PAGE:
Jah Wobble & Keith Levene, ‘Yin & Yang’ (Cherry Red)

Jah Wobble & Keith Levene, 'Yin & Yang'
SPIN Rating: 7 of 10
Release Date: December 11, 2012
Label: Cherry Red

Received wisdom suggests post-punk was all about anarchy kids discovering synthesizers and gloom, but the real breakthrough involved punk’s first line of defense admitting that their record collections were actually dominated by dub and prog, the latter defined loosely enough to include krautrock and electric Miles Davis. Luckily, punks drew the right conclusions from both: Namely, that rhythm contextualizes dissonance into something approaching pleasure. And no outfit exemplified such tendencies better than John Lydon’s post-Sex Pistols project, Public Image Ltd., thanks less to the ostensible leader’s mannerisms than his world-class rhythm section, particularly Keith Levene (guitar) and Jah Wobble (bass), who were Yes and Robbie Shakespeare fans intent on synthesizing their interests into a groove band that could contort pop/rock’s dialectic. And contort it they did.

In the three decades since PiL’s epochal Metal Box, Levene and Wobble have shared neither stage nor studio, the guitarist cherry-picking low-profile projects as the bassist turned ever more prolific (a conservative estimate of solo releases hovers around 30, and his collaborations would likely triple that number, with Radioaxiom: A Dub Transmission, 2001’s meeting with fellow bassist Bill Laswell, standing out). But a series of Metal Box revisitation concerts earlier this year led to the reconstituted duo’s four-song EP, now expanded into a full-length, and like the old hippies they are, Wobble and Levene draw philosophically as much from the British psych of Hawkwind and The Deviants’ Ptooff! as they do sonically from King Tubby and their beloved Can.

Befitting the tossed-off vibe of two ’70s kids jamming with the past, they even cover the goddamn Beatles, on an anthemic 7/4-time deconstruction of George Harrison’s “Within You Without You” that allows Levene to joust noisily with surging tablas against oceanic drone. And just like the more self-indulgent strains of free improv jazz (stylistically echoed in the cover art), Wobble sees the spoken word as integral to his instrumental whole, which explains the presence, if not the merits, of the grubby poetry on “Jags & Staffs” or the forced rhymes throughout “Mississippi,” a brief travelogue rivaling Kafka in its American geographical confusion (although a Stepney bloke can be forgiven for misjudging the distance between Mississippi and Cincinnati).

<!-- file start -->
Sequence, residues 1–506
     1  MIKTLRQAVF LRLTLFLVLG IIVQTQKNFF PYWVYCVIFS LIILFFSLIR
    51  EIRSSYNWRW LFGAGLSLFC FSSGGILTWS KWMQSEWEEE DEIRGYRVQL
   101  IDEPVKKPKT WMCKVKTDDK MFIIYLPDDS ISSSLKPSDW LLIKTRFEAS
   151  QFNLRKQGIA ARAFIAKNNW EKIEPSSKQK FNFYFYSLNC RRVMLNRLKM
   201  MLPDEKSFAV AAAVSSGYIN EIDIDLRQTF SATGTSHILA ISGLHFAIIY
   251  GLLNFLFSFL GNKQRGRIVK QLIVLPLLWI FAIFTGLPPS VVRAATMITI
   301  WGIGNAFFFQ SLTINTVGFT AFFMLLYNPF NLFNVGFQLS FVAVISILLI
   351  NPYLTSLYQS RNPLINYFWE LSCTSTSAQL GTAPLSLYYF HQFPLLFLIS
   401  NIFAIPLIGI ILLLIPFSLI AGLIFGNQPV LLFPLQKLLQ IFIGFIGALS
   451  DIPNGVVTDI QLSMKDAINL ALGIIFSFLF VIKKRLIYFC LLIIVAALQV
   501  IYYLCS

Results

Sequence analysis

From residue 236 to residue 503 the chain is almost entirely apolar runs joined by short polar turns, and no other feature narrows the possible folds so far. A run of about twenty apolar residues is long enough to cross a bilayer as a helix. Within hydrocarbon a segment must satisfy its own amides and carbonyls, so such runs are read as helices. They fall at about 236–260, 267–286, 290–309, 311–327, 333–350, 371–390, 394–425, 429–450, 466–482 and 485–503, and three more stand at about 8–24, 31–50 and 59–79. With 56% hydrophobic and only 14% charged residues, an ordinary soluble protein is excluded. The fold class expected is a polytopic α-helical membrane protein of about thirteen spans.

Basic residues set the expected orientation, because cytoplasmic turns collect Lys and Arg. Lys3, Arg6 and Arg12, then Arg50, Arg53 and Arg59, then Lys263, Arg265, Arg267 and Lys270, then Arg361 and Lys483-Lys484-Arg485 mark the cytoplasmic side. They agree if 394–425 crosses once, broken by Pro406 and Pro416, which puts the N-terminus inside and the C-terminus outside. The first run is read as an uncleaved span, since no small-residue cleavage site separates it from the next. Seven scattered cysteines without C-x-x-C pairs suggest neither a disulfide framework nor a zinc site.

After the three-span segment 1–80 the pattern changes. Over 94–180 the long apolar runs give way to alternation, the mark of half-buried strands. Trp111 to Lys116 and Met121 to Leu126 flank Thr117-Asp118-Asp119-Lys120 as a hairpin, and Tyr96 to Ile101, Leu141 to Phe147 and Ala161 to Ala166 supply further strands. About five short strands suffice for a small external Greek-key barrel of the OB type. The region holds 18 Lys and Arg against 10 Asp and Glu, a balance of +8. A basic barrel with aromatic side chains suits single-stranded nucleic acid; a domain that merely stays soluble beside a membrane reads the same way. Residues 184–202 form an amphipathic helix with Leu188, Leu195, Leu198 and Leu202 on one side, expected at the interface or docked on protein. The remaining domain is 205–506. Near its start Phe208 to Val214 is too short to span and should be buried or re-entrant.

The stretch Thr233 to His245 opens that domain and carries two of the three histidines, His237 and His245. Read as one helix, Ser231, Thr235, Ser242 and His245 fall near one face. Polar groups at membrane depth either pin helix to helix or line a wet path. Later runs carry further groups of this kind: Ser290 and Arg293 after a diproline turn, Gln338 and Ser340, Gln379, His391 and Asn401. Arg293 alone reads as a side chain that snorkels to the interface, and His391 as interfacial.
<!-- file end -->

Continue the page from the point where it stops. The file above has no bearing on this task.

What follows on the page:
Still, former associates of John Lydon shouldn’t bother much with vocals on a project like this, not when both musicians seem at the top of their respective avant-groove games. Levene remains the guitar terrorist that 1978’s “Theme” unleashed upon the world: He screams, crunches, plinks, chimes, drones, hums, and slides, while Wobble’s steady hand guides each successful number with his inimitable low-end walk. “Strut” and “Back on the Block” muscle around in vaguely murky riddims, jazz-funk standout “Fluid” benefits from the presence of trumpeter Sean Corby and Jack DeJohnette-channeling drummer Marc Layton-Bennett, and the reggae dance-punk of “Understand” is followed immediately by an appropriately wigged-out dub version, the latter preferable to the original insomuch as it buries the vocals of Nathan “Johnny Rotter” Maverick beneath layers of echo.

Therein lies a lesson. Should these two musicians choose to continue their professional reengagement (and here’s hoping they do), jettisoning the vocalists and second-rate John Cooper Clarke monologues in favor of the noisy anti-pop skank they helped invent might yet yield wondrous results. Less talk, more skronk.


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